It’s no shock here, the weakest unit on the Eagles offense was their strongest a year ago. The Eagles offensive line is bruised and battered heading into Sunday’s game. One of the reasons McCoy has struggled to get going, and Foles has looked nothing like the quarterback that burst onto the scene last year, is because of the men up front. There’s little running lanes, and even less time in the pocket. Lane Johnson is back, but Evan Mathis and Jason Kelse are not.

DEFENSE -by Eric Kennedy
The Eagles defense is currently ranked 28th in terms of yards allowed, but it is opportunistic, having scored three touchdowns already this year. The base defense is a 3-4, but the Eagles will shift in various fronts. The strength of the defensive team is in the front seven. Defensive ends Fletcher Cox and Cedric Thorton can cause issues, and are flexible enough to move to tackle when the Eagles go to their pass-rushing packages, where DE Vinny Curry becomes a factor. Linebacker/defensive end hybrids Trent Cole and Connor Barwin can also rush the passer. Brandon Graham has also been making plays. The leader, inside linebacker DeMeco Ryans, should play this week after suffering a groin injury.

It’s the secondary. The Eagles are 29th against the pass. Outside of safety Malcon Jenkins and Brandon Boykin, the Eagles are struggling. Jenkins has all three of the Eagles interceptions this season. Corners Bradley Williams and Cary Williams are not very good. Nickelback Brandon Boykin will likely match up against Victor Cruz quite a bit. He’s undersized but very quick and athletic.


Connor Hughes –
Zach Ertz, Darren Sproles, Brent Celek
It won’t be a Giant I have my eyes on this Sunday, but rather several Eagles, and what Giant covers them on passing routes. Prior to joining Philadelphia, head coach Chip Kelly and New England Patriots coach Bill Belichick would exchange offensive philosophies. It was Kelly who originally came up with the two tight end approach the Patriots used to reach the Super Bowl (Rob Gronkowski/Aaron Hernandez), and Kelly is now building it in Philly with Ertz and Celek. The biggest question with Philadelphia is when the team comes out with two tight ends and Sproles in the backfield, who covers whom?  Will it be Jacquian Williams on Ertz, or Sproles? If Williams is on Ertz, who covers Sproles and Celek? Will Rolle come down? Or Demps? Will Trumaine McBride be forced to cover one of the tight ends? It’s a difficult task presented to Giants defensive coordinator Perry Fewell this week

Jason Pierre-Paul, New York Giants (October 28, 2012)

Jason Pierre-Paul – © USA TODAY Sports Images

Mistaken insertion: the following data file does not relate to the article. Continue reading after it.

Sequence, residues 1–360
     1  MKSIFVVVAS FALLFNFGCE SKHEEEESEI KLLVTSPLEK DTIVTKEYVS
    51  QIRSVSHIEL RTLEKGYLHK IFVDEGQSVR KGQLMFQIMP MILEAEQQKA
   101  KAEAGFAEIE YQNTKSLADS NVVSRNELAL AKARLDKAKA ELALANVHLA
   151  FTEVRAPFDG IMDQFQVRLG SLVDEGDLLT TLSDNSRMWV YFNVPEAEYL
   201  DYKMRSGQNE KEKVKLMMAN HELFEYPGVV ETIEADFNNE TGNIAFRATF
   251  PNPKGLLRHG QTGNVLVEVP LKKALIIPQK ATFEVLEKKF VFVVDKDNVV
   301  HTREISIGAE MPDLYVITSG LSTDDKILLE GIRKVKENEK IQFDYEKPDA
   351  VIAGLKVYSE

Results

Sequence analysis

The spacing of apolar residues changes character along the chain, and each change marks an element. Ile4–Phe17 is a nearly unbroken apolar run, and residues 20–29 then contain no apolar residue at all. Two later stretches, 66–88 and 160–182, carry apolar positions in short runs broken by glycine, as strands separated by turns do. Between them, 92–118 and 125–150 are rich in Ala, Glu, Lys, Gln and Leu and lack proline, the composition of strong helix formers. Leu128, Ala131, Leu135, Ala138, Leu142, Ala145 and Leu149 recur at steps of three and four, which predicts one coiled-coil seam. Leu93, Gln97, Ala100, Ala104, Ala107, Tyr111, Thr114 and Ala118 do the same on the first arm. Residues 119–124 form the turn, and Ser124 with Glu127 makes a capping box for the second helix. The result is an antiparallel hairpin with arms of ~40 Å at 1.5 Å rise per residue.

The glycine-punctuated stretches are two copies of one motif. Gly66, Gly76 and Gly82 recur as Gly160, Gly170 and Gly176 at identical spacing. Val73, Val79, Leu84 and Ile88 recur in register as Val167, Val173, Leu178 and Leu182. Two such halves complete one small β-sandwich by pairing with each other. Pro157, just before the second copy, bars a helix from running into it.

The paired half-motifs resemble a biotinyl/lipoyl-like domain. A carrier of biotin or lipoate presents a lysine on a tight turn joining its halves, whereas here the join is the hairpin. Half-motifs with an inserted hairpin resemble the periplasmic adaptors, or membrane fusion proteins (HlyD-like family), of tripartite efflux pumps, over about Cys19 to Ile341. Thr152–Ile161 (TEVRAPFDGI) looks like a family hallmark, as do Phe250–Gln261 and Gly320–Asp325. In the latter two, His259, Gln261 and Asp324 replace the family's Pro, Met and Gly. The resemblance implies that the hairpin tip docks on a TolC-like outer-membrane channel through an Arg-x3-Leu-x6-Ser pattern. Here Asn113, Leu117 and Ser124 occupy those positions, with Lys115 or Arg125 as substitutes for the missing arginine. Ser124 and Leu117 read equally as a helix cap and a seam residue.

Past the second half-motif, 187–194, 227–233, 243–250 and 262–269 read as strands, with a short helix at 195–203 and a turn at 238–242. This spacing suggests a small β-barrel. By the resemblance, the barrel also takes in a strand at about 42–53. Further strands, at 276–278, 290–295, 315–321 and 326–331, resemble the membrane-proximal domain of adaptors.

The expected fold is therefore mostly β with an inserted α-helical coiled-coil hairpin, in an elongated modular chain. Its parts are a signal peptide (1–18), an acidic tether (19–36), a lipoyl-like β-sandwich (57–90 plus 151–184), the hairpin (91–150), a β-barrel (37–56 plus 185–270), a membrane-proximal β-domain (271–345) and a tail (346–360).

Eric Kennedy -
Jason Pierre-Paul
JPP has been running his mouth all week. Can he back it up? Though the Eagles offense has struggled thus far this season, they are still loaded and capable of embarrassing an opponent. Philadelphia will go up tempo and prevent the Giants from subbing defensive personnel, such as getting pass rusher Robert Ayers in at defensive tackle. JPP will face one of the best left tackles in football in Jason Peters. But “great” players are supposed to show up in big games against top-notch opponents. If JPP isn’t a factor on Sunday night both rushing the passer, stopping the run, and being aware of misdirection (screens, end arounds, etc.), it could be a long night for the defense.


Tom Coughlin - “Exciting week, divisional week preparing for coach Chip Kelly and his staff. Outstanding Philadelphia Eagles football team, 4-1 team that could be 5-0. Scored 156 points, 88 in the second half, 31.2 per game. They’ve overcome double-digit deficits in the second half of the first three weeks. They’re a team that’s scored on seven returns, which is amazing. You’re talking about being at this point, five games into the season, they have a punt return for a touchdown, a kickoff return for a touchdown, they have two blocked punts for touchdowns, they have three defensive touchdowns, so they’ve done an outstanding job in that area.”

Chip Kelly - “The team I see this year, they are playing…changed offensively in terms of their scheme. Eli Manning seems very comfortable in the scheme; he is getting the ball out a lot faster than they did before. They seem like they are in a lot more spread formations. Defensively, it is the same style. It looks like Jason Pierre-Paul is really playing at a high level right now, he is very healthy. Their front four is doing a lot of really good work. They added guys like Dominique Rodgers-Cromartie in the secondary, who is an outstanding corner, so they added a couple pieces there, (a) really good football team coming in here on Sunday.”